I don’t want to tell you where I am. If I do, it will probably scare you away.

Yesterday, I rode my rented motorbike outside of the city, just to see what was there. More of the same, really, minus the shops and the people. I stopped by the side of the road, went for a swim and dried off in the sun. About halfway back to my guesthouse, I got a flat tyre. After trudging along for awhile, I saw a dilapidated little shack with a little shingle on a tree. The words were in a foreign language, so I didn’t know what they meant, but the old tyres hanging on the tree around it told me what I needed to know. I was at the local equivalent of a Bob Green’s T Mart.

The guy had me by the proverbial balls. He could have asked me for any amount of money to fix my tyre and gotten it, but $3.50 and 15 minutes later, I was back on the road. I’m not sure I’d have gotten such friendly, honest and efficient service in an outback garage in Oz.

The diary entry goes on from there, but that’s all I want to share right now. What struck me about it was how impressed I was with Sihanoukville and how now, nearly 8 years later, I’m still impressed. I see the downside, but the good outweighs the bad by a long shot and although it’s grown, there are still spaces between hotels and you can find an empty stretch of beach to call your own if you want to.

Why I Love Sihanoukville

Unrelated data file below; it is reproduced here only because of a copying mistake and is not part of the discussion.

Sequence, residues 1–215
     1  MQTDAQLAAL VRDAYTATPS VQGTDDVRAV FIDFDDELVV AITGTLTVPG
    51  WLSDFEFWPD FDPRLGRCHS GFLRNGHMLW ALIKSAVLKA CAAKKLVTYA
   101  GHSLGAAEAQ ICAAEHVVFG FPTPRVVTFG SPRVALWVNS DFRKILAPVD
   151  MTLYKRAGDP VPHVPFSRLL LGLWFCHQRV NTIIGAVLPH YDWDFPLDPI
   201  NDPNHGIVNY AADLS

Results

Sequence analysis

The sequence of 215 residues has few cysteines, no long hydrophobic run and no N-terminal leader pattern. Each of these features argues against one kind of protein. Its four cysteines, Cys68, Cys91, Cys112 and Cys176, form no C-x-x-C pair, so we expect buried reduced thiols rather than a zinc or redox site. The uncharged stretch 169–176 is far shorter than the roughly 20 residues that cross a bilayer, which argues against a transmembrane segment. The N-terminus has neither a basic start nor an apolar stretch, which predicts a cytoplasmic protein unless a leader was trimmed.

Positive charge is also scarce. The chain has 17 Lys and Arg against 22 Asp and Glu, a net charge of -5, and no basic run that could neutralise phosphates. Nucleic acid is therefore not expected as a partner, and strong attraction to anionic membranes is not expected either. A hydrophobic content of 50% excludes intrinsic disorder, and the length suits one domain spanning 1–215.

Hawaii beach, Sihanoukville Cambodia

They say Cambodia has only two seasons — wet and dry. That may be true, but there are also transition periods when it’s a little of each. The in-between season leading up to Khmer New Year is my least favourite. Hot and humid, there’s little respite from the heat day or night. I was riding my motorbike down the least appealing stretch of Ekareach Street on a particularly humid day last week when it struck me like a benign bolt of lightning: I don’t just like it here, I love Sihanoukville.

Hawaii Beach, Sihanoukville Cambodia

I spent most of the rest of the week wondering why. Yesterday, I got my answer. It started in the morning, when some friends invited us to Hawaii Beach for lunch. We usually go to a little place at the end of the beach. It will never make the Michelin guide with its flimsy chairs and plastic covered tables, but it beats the plastic atmosphere of far more upmarket restaurants by miles. Where else can you sit in the shade of a natural umbrella and watch squirrels play in the branches above your head or take 10 steps into balmy seas to go for a dip after lunch?

Hawaii beach, Sihanoukville Cambodia

How’s this for a setting?

Our friends didn’t speak much English, so I had plenty of time to daydream during the meal while they chatted with Sopheak. It occurred to me then that one reason I love it here is because I feel so comfortable with Cambodians. I used to try too hard to communicate with our friends, but now I just enjoy their company and they seem to enjoy mine.

I got pulled over by the police the other day for not having my lights on. Fair enough, but I didn’t have any money to pay the whopping $1 fine. No problem. I went on my way, got money out of the ATM, had breakfast and paid them on the way back home. “Accuun (thank you), Papa,” the policeman smiled as I rode away. Getting pulled over by the police in Sihanoukville is a far-cry from being pulled over in Australia or the U.S.

The sandy road fronting Hawaii beach leaves something to be desired, but that’s just one more thing I like about it: it’s sand, not hot asphalt and the surface forces everyone to drive slowly. As a bonus, the restaurants at the far end fill up more slowly than those closer to the entrance and the trees haven’t been chopped down to make way for parking areas. This is what it looks like:

Road to Hawaii beach, Sihanoukville Cambodia

Sihanoukville: The International City